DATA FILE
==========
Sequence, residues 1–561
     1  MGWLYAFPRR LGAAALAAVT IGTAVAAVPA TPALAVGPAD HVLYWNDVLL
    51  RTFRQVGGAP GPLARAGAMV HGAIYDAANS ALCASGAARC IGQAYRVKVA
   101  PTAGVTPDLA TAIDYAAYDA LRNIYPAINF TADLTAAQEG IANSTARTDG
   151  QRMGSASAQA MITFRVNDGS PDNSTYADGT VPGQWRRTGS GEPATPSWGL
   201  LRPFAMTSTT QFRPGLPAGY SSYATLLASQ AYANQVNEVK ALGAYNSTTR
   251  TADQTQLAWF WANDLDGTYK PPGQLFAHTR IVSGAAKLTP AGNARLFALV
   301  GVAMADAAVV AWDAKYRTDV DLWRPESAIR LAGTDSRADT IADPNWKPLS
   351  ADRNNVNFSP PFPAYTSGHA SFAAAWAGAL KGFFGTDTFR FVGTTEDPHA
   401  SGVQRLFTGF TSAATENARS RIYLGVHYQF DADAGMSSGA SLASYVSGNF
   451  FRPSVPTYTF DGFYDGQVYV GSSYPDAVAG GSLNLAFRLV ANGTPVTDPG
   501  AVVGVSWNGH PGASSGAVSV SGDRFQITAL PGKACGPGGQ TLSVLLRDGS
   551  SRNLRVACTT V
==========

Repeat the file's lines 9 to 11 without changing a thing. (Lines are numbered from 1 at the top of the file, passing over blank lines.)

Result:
   351  ADRNNVNFSP PFPAYTSGHA SFAAAWAGAL KGFFGTDTFR FVGTTEDPHA
   401  SGVQRLFTGF TSAATENARS RIYLGVHYQF DADAGMSSGA SLASYVSGNF
   451  FRPSVPTYTF DGFYDGQVYV GSSYPDAVAG GSLNLAFRLV ANGTPVTDPG